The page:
Hardcover: 653 pages
Publisher: John Wiley & Sons (1978)
Product Dimensions: 6.4 x 1.4 x 9.5 inches
Shipping Weight: 2 pounds
Average Customer Review: 4.8 out of 5 stars See all reviews (25 customer reviews)
Best Sellers Rank: #158,627 in Books (See Top 100 in Books) #79 in Books > Crafts, Hobbies & Home > Crafts & Hobbies > Toys & Models > Models #111 in Books > Science & Math > Experiments, Instruments & Measurement > Methodology & Statistics #412 in Books > Textbooks > Science & Mathematics > Mathematics > Statistics
All of the reviews on this book are generally consistent in their praise for the book and the authors. I do not have any points to add to the discussion other than this:It is a credit to this version of Statistics for Experimenters that it has remained relevant throughout the years as a classic introductory text that has kept selling consistently since it was released in the 1970's. Nevertheless, unless you have a particular reason for purchasing this version, you should purchase the updated version(also available through ).The full title of the newer edition is:Statistics for Experimenters: Design, Innovation, and Discovery, 2nd EditionThe 2nd edition, written in the same engaging and readable style as the 1st, contains virtually all of the content of the 1st edition plus advances in design of experiments that have happened since the 1st edition was published.
This is an excellently written book with clear examples of how to apply statistics to everyday experimental settings. Box delves deep enough into the underlying theory to give an engineer such as myself an appreciation for the "reality" of the mathematics, but sticks to concrete examples and putting theory into practice. Each chapter follows the previous one, but each is also reasonably self-contained. Terminology is easily clarified with a quick use of the comprehensive index.Additionally, don't let the print date fool you... the book is timely.
This book was published in 1978 but as other reviewers have noted its practical methods and advice are timeless. George Box and Stu Hunter are both very famous statisticians who are also great teachers and lecturers. Bill Hunter is now deceased. All three authors have made major contributions to the design of experiments. The book is written for practitioners and in the simplest language possible. Emphasis is placed on practical designs and not optimal designs because optimal designs are very sensitive to model specification.It does not include the robust designs of Taguchi which came later and could easily be included if the authors choose to revise it.
More than twenty years after its publication, this seminal work is still the undisputable "Bible" for users of statistical experimental design. The practical insights sprinkled throughout this book are invaluable especially to non-mathematical statisticians. This book will never be out-of-date!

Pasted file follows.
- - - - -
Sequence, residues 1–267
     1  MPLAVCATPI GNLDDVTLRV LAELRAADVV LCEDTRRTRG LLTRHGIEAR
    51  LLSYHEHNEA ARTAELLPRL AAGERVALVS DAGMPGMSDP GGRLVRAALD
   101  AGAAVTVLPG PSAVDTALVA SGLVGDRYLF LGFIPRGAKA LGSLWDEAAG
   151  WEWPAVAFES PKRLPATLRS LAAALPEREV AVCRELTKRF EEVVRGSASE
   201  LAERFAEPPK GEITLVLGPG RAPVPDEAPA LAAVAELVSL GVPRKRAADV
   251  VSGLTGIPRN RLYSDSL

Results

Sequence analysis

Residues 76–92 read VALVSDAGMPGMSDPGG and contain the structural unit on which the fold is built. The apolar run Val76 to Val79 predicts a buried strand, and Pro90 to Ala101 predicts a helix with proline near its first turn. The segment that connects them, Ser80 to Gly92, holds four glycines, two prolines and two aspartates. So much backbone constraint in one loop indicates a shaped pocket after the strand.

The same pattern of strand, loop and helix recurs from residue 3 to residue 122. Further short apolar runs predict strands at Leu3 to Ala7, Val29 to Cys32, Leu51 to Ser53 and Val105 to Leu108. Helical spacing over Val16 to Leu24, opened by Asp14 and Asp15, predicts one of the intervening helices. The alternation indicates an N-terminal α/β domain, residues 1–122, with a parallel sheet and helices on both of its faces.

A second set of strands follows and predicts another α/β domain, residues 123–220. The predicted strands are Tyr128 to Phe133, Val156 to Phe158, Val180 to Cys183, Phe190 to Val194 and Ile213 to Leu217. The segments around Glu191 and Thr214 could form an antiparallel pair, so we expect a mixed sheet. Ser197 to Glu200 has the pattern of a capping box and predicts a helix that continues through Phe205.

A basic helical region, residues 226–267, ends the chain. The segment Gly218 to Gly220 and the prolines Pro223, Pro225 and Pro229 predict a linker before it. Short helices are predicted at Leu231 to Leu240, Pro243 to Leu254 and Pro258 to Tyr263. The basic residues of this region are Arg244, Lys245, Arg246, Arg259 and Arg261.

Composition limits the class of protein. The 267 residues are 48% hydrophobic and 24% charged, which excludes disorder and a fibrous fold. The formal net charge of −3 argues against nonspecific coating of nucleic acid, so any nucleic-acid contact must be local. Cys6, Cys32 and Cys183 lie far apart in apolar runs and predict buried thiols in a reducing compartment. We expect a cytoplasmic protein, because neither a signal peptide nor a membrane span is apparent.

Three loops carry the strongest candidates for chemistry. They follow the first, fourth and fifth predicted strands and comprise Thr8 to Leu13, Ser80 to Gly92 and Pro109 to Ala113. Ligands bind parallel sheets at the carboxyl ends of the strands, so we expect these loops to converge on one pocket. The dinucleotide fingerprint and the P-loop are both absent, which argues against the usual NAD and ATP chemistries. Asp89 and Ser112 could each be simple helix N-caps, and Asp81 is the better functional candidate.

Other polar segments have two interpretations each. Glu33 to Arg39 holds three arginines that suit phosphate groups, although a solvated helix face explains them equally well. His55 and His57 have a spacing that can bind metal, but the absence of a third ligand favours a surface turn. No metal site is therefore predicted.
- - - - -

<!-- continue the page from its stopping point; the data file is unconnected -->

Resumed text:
Not being a statistician but needing to understand Design of Experiments, I found this book to be extremely valuable. Box walks you thru the basic concepts through prediction and understanding of complex response surfaces. After taking it out of the library twice, I decided it was important to get my own copy. I now recommend it in every class I teach on optimization using finite element methods. DoE adds a whole new dimension to product performance simulation.
I used the Montgomery DOE book as an undergrad...but chatting with a Stat prof freind of mine..she recommened Box Hunter & Hunter over this. I had never covered the entire book..& was reading up on Factorial designs...I went ahead and bought Box Hunter & Hunter...(do wait & buy the 2nd edition due out in May-I think trys to sell you the old inventory if you are not careful)...nonetheless, the old edition I bought actually is much more intuitive and easy to follow that the "Design and Analysis of Experiments" book by Montgomery....I think its b/c the latter is written by an engineer..no offense to you out there...just that engineers cover so much material that there texts seem more "cookbook" like..here's how...w/ no too much intuition as to why ...probably catering to the engineer who has not the time to care about the why...I am thoutoughly enjoying the read...some of the quotes in hte book are pretty funny yet all the while relevant...
A solid excellent DOE book, however due to it's age, it obviously does not cover more recent topics, such as mixture experiments. I've run into a few chemical engineers that have read only this book and have no idea what mixture experiments are, and why they are important in their DOE work. Also, I do not remember seeing any material on split-plot designs, and this topic is very important in industrial experimentation since most experiments are split-plots whether you know it or not, and you cannot evaluate them as normal. This is no fault of the book due to its publish date, but a newer book, such as Montgomery's or Hamada & Wu should also be read through to learn about the more recent advancements in DOE.
This text has become a classic text on the subject of the statistical design of experiments. You will find this text footnoted, bibliographied, or listed as recommended reading in most of the books published on the subject today. The authors' approach to evaluating results by direct observation using graphs and plots of results helps the user to visualize the results of experiments. This is in contrast with others whose sole tool seems to be use of ANOVA methods alone. The authors also present helpful methods of data transformation and easy calculation of results. They also provide insight into correct design of an experimental model, and an easy method of sequential model building so that the user can build a larger model depending upon the results of his/her first effort. This book is an excellent value!
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